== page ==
Trilok Chand Ghai-On translating Paash poetry into English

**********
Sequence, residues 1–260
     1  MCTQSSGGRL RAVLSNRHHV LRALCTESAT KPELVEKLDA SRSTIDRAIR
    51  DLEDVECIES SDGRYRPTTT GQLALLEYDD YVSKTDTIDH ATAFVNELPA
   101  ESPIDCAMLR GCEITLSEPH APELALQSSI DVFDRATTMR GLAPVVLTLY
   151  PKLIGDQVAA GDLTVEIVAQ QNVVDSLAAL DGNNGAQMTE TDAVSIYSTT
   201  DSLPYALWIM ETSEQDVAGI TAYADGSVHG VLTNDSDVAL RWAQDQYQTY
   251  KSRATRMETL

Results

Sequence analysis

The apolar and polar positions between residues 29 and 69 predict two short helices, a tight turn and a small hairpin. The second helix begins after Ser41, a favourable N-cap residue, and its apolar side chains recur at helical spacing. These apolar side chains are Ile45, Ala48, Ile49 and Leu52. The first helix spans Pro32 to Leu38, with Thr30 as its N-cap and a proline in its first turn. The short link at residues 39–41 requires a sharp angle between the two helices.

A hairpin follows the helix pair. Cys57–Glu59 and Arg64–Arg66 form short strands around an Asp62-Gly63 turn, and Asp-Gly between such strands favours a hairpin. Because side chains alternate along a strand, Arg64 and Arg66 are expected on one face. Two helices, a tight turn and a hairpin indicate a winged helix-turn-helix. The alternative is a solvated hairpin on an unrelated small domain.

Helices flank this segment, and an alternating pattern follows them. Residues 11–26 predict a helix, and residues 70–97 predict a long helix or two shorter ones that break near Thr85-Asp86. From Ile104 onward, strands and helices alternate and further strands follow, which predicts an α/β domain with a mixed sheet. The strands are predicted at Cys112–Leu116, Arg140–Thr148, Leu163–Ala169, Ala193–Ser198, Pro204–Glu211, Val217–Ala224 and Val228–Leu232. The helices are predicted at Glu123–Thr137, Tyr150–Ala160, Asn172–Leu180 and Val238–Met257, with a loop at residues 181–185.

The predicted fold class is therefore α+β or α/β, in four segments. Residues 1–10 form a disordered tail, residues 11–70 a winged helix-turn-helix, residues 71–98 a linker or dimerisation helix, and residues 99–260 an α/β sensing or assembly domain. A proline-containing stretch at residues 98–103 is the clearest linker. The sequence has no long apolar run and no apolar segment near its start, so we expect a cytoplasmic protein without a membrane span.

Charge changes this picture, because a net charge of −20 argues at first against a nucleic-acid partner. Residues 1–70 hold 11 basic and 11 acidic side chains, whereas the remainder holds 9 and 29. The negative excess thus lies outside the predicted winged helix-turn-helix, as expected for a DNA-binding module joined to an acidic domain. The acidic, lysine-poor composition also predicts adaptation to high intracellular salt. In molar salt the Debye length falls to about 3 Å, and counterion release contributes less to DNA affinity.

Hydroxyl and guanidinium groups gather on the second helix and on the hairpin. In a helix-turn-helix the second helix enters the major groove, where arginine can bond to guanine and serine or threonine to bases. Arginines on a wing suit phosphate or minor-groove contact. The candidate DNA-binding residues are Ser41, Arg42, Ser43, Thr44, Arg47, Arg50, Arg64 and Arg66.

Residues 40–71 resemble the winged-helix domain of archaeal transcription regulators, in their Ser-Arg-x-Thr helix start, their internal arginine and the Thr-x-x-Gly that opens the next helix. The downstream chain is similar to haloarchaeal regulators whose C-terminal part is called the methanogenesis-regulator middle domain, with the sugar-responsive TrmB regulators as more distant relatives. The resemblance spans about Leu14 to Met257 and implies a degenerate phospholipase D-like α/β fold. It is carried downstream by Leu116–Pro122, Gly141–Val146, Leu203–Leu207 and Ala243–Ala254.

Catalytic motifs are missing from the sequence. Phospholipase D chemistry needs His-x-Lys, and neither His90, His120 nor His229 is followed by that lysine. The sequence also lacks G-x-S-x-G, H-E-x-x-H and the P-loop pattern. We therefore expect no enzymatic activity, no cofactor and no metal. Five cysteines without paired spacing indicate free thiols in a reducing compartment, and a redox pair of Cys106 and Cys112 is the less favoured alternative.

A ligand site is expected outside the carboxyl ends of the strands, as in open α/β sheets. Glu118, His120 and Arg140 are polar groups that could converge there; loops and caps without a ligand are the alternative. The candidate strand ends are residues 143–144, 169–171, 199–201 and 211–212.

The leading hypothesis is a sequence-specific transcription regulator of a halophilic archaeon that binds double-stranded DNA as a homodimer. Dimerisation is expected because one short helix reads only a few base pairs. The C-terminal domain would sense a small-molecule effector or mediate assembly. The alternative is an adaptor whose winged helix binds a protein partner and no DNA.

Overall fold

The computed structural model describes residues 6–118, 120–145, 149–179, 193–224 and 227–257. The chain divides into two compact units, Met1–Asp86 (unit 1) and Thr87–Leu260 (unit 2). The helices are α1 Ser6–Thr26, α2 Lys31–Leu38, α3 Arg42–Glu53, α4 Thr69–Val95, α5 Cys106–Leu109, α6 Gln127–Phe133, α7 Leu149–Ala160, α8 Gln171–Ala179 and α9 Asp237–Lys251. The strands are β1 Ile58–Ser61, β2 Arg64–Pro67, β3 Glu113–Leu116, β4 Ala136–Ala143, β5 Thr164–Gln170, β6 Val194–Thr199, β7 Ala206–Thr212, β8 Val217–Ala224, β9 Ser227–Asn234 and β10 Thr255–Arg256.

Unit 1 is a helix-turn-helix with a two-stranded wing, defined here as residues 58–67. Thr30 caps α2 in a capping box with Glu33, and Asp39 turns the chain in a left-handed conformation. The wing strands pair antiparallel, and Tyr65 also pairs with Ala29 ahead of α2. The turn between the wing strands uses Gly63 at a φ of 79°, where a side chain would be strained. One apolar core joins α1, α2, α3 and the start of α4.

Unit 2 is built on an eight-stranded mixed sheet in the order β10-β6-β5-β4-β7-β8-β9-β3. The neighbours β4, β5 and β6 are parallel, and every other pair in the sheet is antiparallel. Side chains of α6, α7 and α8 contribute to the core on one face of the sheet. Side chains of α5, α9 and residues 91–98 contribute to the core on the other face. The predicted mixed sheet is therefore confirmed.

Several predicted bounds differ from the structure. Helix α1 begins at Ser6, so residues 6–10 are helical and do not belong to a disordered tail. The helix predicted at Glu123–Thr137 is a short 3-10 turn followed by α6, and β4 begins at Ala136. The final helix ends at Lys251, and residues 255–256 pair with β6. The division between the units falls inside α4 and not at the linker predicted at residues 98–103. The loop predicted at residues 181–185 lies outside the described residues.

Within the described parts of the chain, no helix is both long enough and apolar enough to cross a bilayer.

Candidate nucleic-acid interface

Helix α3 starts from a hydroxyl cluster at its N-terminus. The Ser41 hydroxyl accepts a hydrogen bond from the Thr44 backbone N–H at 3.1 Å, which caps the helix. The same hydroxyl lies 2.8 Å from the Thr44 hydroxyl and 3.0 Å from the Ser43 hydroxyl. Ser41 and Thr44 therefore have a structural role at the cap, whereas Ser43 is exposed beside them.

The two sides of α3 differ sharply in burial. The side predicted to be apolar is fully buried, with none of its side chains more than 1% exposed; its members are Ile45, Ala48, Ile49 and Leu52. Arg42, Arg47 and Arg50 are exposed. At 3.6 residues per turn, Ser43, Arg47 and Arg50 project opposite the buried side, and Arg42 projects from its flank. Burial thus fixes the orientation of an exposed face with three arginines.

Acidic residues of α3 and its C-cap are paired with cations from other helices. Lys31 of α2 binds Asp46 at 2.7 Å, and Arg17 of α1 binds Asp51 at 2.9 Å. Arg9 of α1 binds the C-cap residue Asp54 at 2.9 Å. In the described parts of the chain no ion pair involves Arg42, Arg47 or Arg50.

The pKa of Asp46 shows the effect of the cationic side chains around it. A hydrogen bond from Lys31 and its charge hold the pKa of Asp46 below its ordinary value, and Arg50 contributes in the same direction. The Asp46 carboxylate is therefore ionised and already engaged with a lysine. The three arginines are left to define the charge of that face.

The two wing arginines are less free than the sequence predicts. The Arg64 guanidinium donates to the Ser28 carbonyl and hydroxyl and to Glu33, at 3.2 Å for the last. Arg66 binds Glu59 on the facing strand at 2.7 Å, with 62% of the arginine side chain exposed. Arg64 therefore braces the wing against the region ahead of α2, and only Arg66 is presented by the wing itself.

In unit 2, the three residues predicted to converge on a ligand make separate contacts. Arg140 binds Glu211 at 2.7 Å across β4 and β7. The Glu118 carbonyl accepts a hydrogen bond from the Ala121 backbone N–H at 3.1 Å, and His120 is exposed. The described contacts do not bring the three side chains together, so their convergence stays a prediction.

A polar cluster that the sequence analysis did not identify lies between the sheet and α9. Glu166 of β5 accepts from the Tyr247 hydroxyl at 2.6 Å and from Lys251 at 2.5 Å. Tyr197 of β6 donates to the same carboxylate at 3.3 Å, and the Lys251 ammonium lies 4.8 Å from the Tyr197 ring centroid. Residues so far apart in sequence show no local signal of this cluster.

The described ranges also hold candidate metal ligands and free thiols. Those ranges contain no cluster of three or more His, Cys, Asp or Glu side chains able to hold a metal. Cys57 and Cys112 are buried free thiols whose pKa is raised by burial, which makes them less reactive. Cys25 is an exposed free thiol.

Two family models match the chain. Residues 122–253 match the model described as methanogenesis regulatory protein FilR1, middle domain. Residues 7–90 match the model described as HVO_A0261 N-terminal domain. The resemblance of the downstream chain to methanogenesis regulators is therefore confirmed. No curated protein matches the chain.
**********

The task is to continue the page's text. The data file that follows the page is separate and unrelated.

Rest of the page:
Translating Pash has been a very hard yet rewarding experience.It took me about three years. I had to overcome a few hurdles. The main hurdle was my inability to read the Gurmukhi script.I had learnt the script during my school days but I had lost contact with it later because I have spent most of my life outside Punjab, mainly in Delhi and in teaching and writing in English. I had to learn to re-read the Gurmukhi script. Before translating Pash I had translated another Punjabi poet, Late Dr Puran Singh, into English. I published his collection of 34 poems (Rattan di Rut) along with my translations into English (A Season of Nights) in 2006. This helped not only in improving my reading skills in Gurmukhi but also becoming familiar with the Punjabi poetic tradtion and literary history. I began working on translating Pash in 2007. I first read Hindi and English translations Of Pash’s poetry and then read him in original.Pash’s language also posed many problems but since I’m myself a Doabia they were not unsurmountable.I was born in Nakodar (my nanke) and my first 6 years of schooling took place in Nakodar, Hoshiarpur and my native village Patara in Jullandhar district. Friends and relatives also helped where the dictionaries failed. I read in original his contempraries, particularly Lal Sing Dil and Sant Ram Udasi. I also read about Pash, much of the avaiable literary criticism on Pash and Naxalite poetry in original Punjabi apart from the materials available in Hindi and English, in books and on the Internet.I also read Pash’s diaries and letters in original as well as in translation. All this was not enough to understand Pash. So I read about the Naxalite movement in general and particulary in Punjab, about the Sikh history and traditions, the Gadar Movement and Bhagat Singh to have a better understanding of the poet. Many friends in Delhi and Chandigarh also helped to unravel some difficult areas.My own training in English literature and knowledge of the European and Latin American literature and a modest understanding of Marx and Marxism were also useful. The next problem, after I had obtained a reasonable understanding of the poet, was to translate him into English, a language that is culturally so alien to Punjabi and specially the kind of language Pash used. Pash’s language is almost totally colloquial and he does not hesitate to use slang and seems to be consciously avoiding the literary embellishments of the Punjabi literary tradition. To achieve a semblance of an acceptable translation I had to stretch my own resources of both the languages as well as desperately forage through dictionaries in both the languages.Although Pash is often complex and meditative, since he is a revolutionary poet he speaks directly and, except in some of his songs, his language is very close to prose, and rhythm in his poetry is spontaneous;it is the rhythm of the spoken word uttered by a revolutionary in all its rhetorical shades. It is the tone and natural rhythm that are more important in Pash than any artificially imposed rhythm and metre. It has been easier to capture the tone of his poetry and often his rhythm. The cultural nuances and many other things have been lost. I have tried to use the shortest and the simplest word or phrase or collocation, and avoided heavily literary or ponderous expressions. So my translations are more prosaic than poetic. It is for the readers to judge how well or badly they come off. One big, may be very crucial in some ways, deficiency in my translations has been that I did all my work outside Pujnab without visiting Pash’s village or Punjab or talking to many people who had known him personally. How far this has affected my translations and understanding of Pash as a person can be judged by the readers alone.

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